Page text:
Sure a Karoo farmstay is about peace, quiet and open spaces. But then there’s the bonus of a history lesson… Every farm has a story to tell…
Words: Chris Marais and Julienne du Toit
Pictures: Chris Marais
There was once a time when a thoroughbred horse was made even more special by having the word ‘Karoo’ on its birth certificate. The Karoo’s natural advantage lay in the calcium prevalent in its soil and water – crucial for good bone formation in horses. So there were these massive horse farms out here, turning out winners at all levels of races in South Africa and, indeed, the world at large.
Charles Southey, of Culmstock Farm near Middelburg in the Eastern Cape, made good money in his time with ostriches, merino sheep and shorthorn cattle. But his real passion was horses, so he imported a batch of fine mounts from England. They were swum ashore at Port Elizabeth and then walked all the way (about 400km) to Middelburg.
Alas, the thoroughbred boom did not stand the march of time. Man-made horse feeds with added calcium were introduced, and the Karoo no longer had the ‘sense of place’ cachet for breeders. You could now bring a horse up just about anywhere, give him calcium-laced feed and send him on his merry way to the winning post.
We’re hearing all this on a visit to Mount Melsetter House and Hunt, a working guest farm currently owned by David Southey, one of the descendants of the hardy Charles. You come to Mount Melsetter to hunt, hang out, admire sheep, hike, ride your bike and generally breathe in the fine Karoo air. And while you’re about it, manager-hosts Candy and Mike Ferrar will feed you great Karoo fare and give you a sense of local history.
But if you want to talk about old-time farmers who walked their livestock about the Karoo plains, you’ll need to visit Wellwood up in the mountains near Nieu-Bethesda village. It’s obvious to one and all that the Rubidge family are part of the human DNA of this region. You only have to look at the local names of things around here: Rubidge Kloof, Rubidge Stream and many Karoo fossils bearing the name Rubidgea.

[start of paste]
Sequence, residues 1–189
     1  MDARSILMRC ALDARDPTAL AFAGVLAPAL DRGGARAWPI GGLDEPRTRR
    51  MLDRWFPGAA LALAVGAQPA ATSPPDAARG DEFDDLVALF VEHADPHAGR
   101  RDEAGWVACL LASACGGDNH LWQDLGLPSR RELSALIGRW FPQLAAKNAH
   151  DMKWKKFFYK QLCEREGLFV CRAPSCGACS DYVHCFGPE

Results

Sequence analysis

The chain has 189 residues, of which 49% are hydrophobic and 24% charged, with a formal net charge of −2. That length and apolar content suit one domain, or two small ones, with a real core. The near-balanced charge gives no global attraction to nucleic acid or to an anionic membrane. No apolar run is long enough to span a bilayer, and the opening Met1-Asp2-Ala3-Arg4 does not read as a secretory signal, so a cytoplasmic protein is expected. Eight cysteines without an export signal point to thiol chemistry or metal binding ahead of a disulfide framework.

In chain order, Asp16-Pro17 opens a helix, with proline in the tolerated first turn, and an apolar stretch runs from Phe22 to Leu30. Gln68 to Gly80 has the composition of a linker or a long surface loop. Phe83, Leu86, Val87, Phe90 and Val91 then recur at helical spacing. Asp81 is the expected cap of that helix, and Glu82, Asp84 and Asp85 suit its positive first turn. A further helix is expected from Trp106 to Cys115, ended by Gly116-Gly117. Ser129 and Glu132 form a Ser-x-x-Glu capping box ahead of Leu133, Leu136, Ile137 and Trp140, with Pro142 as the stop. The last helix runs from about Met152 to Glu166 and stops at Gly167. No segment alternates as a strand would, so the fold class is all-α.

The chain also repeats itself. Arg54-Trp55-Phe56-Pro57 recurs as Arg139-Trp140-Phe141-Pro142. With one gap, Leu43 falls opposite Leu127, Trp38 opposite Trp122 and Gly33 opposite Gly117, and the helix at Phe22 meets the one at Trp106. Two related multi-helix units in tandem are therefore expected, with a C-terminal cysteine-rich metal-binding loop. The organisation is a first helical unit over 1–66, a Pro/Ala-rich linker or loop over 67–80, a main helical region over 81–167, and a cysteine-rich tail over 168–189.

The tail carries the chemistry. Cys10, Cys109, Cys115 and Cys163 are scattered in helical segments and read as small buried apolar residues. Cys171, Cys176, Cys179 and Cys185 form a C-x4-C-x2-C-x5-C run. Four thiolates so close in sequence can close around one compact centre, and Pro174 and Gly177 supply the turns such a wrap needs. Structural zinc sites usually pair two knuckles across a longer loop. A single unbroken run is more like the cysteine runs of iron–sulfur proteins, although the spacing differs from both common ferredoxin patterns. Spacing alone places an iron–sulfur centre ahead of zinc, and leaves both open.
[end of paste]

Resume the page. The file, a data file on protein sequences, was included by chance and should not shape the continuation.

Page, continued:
In the mid-1800s Charles Rubidge and his son Richard began a breeding line of merinos that would become a South African hallmark. And they worked hard for that reputation. On 23 March 1873, Charles and Richard sailed to England and the Continent in search of suitable rams. They spent some time in Paris, and inspected the flocks of the best breeders before going to Rambouillet, ‘where father bought two rams’, according to the family diary.
‘We took a boat to Southampton where we were detained, a difficulty arising re landing the sheep. The authorities stating they could only consent to their landing if they were slaughtered first. However they were eventually loaded and placed in quarantine’. They arrived in PE on 9 August. ‘August 11: Left PE by the Midland Conveyance Coach taking the two imported rams as full fare passengers at £5 each. December 1873: Great drought all sheep sent away’.
Robert and Marion Rubidge now run Wellwood with brother Bruce (the famous palaeontologist) who is in Johannesburg.
We rootle around the famous Wellwood Fossil Museum and then drive past alpaca-guarded flocks of sheep to Trymore Cottage, the home fossil expert Sidney Rubidge (Bruce and Robert’s grandfather) built for his retirement in the 1950s.